Whitewater Kayaking Through Angola

In 2018, New Zealand–based photographer Mike Dawson and his two kayaking partners dodged crocodiles, land mines, and torrential rains to paddle wild rivers in a remote corner of Africa

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Photo: Mike Dawson

For years the kayaking community heard rumors of powerful whitewater in remote Angola on the scale of the mighty Zambezi River. But a horrific 27-year civil war and its aftermath had cut off the country from the outside world. Once the war ended, in 2002, the country began rebuilding itself, and visitors started to trickle in, and what they found was a place with all the makings of a major adventure destination, full of towering mountains, untouched wilderness, and big rivers. In late 2018, Dewet Michau of South Africa, Jake Holland of Great Britain, and I braved crocodile attacks, unforgiving weather, and miles of unmapped terrain to become some of the first kayakers to experience the perilous rapids of the Keve and Kwanza Rivers. 

The Kwanza, pictured here, drops more than 3,000 feet through the heart of Angola to the Atlantic Ocean. Its crystal-clear waters are the lifeblood of the country—its upper reaches provide fish, drinking water, and irrigation for local communities, while farther west, it supplies energy through dam projects in the lower sections.

Photo: Mike Dawson

Driving from South Africa, we entered Angola from the south. Our first stop was the Keve, where we spent four days paddling a 50-mile section that drops more than 2,600 feet. At the put-in, in the small southern town of Jumba, the entire village stopped its daily tasks to watch as we unloaded our kayaks, packed, and headed off down the river.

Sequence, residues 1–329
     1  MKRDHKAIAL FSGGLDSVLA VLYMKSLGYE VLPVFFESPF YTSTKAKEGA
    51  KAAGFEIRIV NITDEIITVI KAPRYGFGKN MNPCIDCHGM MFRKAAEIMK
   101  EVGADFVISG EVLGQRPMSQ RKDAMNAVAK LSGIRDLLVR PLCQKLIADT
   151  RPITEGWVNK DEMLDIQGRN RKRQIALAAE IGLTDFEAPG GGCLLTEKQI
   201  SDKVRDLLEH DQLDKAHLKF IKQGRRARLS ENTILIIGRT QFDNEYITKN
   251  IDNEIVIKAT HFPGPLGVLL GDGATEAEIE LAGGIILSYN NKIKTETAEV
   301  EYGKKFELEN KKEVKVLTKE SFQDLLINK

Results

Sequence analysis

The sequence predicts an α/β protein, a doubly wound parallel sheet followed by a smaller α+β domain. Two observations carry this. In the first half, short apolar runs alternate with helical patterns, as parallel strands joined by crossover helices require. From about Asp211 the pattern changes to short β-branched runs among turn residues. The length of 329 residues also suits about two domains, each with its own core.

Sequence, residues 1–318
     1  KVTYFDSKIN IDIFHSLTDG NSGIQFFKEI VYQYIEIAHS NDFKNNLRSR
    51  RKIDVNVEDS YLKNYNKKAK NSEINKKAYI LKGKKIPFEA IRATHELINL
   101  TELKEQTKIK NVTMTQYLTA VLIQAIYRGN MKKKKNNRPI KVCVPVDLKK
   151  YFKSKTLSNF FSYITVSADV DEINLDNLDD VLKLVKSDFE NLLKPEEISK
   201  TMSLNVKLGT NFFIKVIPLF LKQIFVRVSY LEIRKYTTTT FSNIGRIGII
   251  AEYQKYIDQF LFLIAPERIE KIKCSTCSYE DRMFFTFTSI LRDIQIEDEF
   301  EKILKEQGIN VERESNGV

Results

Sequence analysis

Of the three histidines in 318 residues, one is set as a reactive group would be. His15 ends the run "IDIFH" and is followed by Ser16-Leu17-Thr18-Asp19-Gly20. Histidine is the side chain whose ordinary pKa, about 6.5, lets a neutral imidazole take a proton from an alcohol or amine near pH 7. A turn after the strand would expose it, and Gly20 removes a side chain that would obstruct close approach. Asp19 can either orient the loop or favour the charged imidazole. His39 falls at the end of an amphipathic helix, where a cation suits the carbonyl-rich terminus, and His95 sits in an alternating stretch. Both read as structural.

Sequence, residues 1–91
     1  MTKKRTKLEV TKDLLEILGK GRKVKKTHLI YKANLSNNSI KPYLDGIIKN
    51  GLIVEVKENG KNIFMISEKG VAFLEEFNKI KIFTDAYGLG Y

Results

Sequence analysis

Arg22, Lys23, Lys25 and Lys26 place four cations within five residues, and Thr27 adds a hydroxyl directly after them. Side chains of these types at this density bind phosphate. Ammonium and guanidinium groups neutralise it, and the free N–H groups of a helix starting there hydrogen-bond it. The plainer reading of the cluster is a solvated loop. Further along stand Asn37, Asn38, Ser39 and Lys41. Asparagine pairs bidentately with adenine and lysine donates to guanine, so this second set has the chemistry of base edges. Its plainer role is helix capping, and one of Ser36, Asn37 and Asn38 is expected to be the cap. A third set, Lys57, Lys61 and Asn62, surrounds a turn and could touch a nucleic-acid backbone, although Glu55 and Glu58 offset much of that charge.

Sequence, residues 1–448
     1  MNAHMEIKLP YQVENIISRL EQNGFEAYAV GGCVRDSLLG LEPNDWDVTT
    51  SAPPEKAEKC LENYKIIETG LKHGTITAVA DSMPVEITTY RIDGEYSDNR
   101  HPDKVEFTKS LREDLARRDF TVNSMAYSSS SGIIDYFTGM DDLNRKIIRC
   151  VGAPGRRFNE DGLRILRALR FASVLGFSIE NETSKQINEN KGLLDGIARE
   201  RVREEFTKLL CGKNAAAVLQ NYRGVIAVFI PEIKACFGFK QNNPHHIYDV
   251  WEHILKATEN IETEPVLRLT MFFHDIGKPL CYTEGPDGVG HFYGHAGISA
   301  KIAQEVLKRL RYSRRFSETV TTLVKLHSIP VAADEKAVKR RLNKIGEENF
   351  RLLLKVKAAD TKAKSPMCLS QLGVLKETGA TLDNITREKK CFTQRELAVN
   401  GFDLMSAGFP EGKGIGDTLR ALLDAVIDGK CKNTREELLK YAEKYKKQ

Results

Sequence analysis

Photo: Mike Dawson

Flash floods transformed small tributaries into raging torrents that instantly changed the river from its traditional orange color to a chocolate brown. Moments after an intense portage in the relentless rain, Michau took on a mighty rapid on the Keve River.  

Photo: Mike Dawson

One afternoon in the midst of a wild thunderstorm, we came upon a magnificent unnamed waterfall along the Keve with an estimated drop of 100 feet. It looked runnable, but we opted to walk past—there was just too much at risk. Standing there, we accepted the fact that this would be another long day of carrying our heavy boats around impossible rapids.

Photo: Mike Dawson

Exploring Angola is no easy task. After kayaking the Keve, we made a 124-mile drive north into the wilderness, and the road seemed to disappear as we began scouting for access points to the Kwanza River. Slowly, we navigated through a maze of overgrown jungle tracks, minefields, and a bureaucracy hesitant to let us on the water.

Photo: Mike Dawson

We waited and watched in awe as a herd of more than 150 elephants crossed the road, almost oblivious to our presence.

Photo: Mike Dawson

With every new day, the vibrancy of the country comes to life. During our drive overland, we stopped at a rural market. There were an abundance of colors as well as smells, sounds, and tastes that are so distinct to Angola.